The PC industry has introduced some remarkably exciting designs over the last five years or so. Some of those designs, such as the thin-bezel laptop, have been adopted by almost all players in the industry. Microsoft has certainly been an innovator in the space as well, and the Surface Pro series has become the baseline for an entire category that did not exist in any volume before their launch.

But almost certainly, one of the quirkiest designs to come out of the Surface group has been the Surface Book. First launched in 2015, the Surface Book took an unusual approach to convertible laptops, incorporating an electromechanically detachable screen, and putting processors in both halves of the laptop. The original Surface Book was succeeded by the Surface Book 2 in 2017, and recently Microsoft launched the third generation of their most powerful notebook computer.

With Surface Book 2, Microsoft first introduced the 15-inch version of the notebook, and for 2020, the company is continuing to offer both 13.5-inch and 15-inch models. The electromechanically detachable tablet portion is certainly the highlight feature, and one which the entire design hinges on, pun intended. Microsoft’s Dynamic Fulcrum hinge, which expands the footprint of the base as the laptop is opened, is what provides the Surface Book with its very unique look and feel. Fittingly, for Surface Book 3, Microsoft has opted to keep chassis virtually identical to its predecessor.

Instead the Surface Book 3 is all about the internal upgrades, and they are all significant. The new Book gets an infusion of Intel's Sunny Cove CPU architecture in the form of their newest Ice Lake platform. Built on the company's 10 nm process, it is the first major architectural change since 2015's Skylake, and brings with it more performance, better power management, and a much-improved iGPU. Microsoft has also included the latest NVIDIA GPUs targeting laptops in 2020, with the smaller 13.5-inch Surface Book 3 offering an optional GeForce GTX 1650 Max-Q, while the larger 15-inch model sports the GeForce GTX 1660 Ti Max-Q, both of which are nice steps up in performance over the previous generation's GTX 1050, and GTX 1060 offerings. Also in a first for Surface, the new Book 3 is also optionally available with a NVIDIA Quadro RTX 3000, one of the company's professional-focused GPUs.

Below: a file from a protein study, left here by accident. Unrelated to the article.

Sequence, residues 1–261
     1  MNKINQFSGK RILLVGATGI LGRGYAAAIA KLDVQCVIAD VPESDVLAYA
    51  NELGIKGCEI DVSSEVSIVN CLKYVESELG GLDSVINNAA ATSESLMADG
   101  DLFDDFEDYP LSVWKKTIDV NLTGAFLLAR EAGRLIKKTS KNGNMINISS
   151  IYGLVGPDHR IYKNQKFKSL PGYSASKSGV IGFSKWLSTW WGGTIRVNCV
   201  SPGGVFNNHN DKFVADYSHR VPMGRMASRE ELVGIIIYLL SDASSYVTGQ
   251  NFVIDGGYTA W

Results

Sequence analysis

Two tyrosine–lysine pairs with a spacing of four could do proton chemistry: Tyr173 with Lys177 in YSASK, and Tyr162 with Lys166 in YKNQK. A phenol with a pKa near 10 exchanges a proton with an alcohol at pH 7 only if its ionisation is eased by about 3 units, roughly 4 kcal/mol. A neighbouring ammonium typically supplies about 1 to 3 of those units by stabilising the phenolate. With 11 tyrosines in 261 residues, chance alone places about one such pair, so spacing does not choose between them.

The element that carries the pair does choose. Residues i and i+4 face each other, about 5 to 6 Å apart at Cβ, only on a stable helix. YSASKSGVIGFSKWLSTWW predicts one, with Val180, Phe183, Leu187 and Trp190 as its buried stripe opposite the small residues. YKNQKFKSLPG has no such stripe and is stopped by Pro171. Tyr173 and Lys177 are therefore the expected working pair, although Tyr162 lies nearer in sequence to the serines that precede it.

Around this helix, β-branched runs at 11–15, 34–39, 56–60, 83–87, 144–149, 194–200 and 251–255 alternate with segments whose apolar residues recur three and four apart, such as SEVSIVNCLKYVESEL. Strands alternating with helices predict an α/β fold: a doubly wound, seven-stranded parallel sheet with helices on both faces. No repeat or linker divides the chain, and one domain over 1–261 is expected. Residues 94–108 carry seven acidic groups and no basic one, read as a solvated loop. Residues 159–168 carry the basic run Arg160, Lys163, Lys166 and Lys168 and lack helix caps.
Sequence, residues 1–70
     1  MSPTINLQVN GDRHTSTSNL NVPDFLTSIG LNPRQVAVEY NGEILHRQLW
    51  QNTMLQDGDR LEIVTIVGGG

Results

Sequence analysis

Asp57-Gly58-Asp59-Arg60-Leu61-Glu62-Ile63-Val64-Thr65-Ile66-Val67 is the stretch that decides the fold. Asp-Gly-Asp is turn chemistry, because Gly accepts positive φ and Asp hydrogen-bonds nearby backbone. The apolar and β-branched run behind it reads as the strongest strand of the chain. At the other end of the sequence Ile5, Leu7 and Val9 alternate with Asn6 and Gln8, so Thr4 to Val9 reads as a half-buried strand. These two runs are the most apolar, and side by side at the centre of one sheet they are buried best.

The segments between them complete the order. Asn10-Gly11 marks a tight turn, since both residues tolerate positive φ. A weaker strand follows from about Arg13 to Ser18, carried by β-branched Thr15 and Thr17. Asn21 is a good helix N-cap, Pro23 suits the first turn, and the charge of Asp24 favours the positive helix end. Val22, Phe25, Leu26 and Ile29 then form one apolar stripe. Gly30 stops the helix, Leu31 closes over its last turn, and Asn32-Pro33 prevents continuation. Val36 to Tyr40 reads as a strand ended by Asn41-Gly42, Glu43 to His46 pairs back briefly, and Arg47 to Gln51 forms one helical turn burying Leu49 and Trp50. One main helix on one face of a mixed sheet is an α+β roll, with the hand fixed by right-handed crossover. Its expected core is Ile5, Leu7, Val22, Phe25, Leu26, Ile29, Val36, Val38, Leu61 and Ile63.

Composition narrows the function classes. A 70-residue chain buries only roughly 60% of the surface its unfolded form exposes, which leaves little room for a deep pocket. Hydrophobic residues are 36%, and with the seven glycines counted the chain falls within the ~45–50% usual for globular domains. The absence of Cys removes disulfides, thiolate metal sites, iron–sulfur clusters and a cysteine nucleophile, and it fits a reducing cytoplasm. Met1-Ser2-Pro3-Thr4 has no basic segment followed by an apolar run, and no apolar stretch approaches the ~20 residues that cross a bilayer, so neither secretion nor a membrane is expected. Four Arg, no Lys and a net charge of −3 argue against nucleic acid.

The move to Ice Lake also means that for the first time, the Surface Book 3 is now available with up to 32 GB of LPDDR4X RAM, double the maximum capacity versus the previous generation. The 16 GB limit was a function of previous Intel laptop CPUs only supporting LPDDR3, and for a laptop that competes against powerful opponents, this is an important addition.

Microsoft Surface Book 3
  13.5 No GPU 13.5 GPU 15
As configured: 32GB / 512GB / $2799.99
CPU Intel Core i5-1035G7
Quad-Core w/Hyperthreading
1.2-3.7 GHz 6MB Cache 15W TDP
Intel Core i7-1065G7
Quad-Core w/Hyperthreading
1.3-3.9 GHz 8MB Cache 15W TDP
GPU Intel Iris Plus G7 Intel Iris Plus G7 + NVIDIA GTX 1650 Max-Q 4GB Intel Iris Plus G7 + NVIDIA GTX 1660Ti Max-Q 6GB
Storage 256 GB to 2 TB
Display 13.5" PixelSense
3000x2000 3:2 sRGB
Touch and Pen enabled
15" PixelSense
3240x2160 3:2 sRGB
Touch and Pen enabled
Networking Wi-Fi 6 802.11ax
Bluetooth 5.0
Audio Stereo Speakers (front facing)
Dolby Audio Premium
Battery 78 Wh / 103 W AC 85 Wh / 127 W AC
Xbox Wireless No Yes
Right Side Surface Connect
USB Type-C 3.2 Gen 2 with USB Power Delivery
Headset Jack
Left Side 2 x USB 3.2 Gen 2 Type-A
SD Card Reader
Dimensions 312 x 232 x 13-23mm
12.3 x 9.14 x 0.51-0.90 inches
343 x 251 x 15-23 mm
13.5 x 9.87 x 0.57-0.90 inches
Weight 1.53 kg
3.38 lbs
1.64 kg
3.62 lbs
1.90 kg
4.2 lbs
Cameras 8.0 MP Rear-facing camera with autofocus
5.0 MP front-facing camera with 1080p video
Windows Hello IR camera
Pricing Starting at $1599.99 USD Starting at $2299.99 USD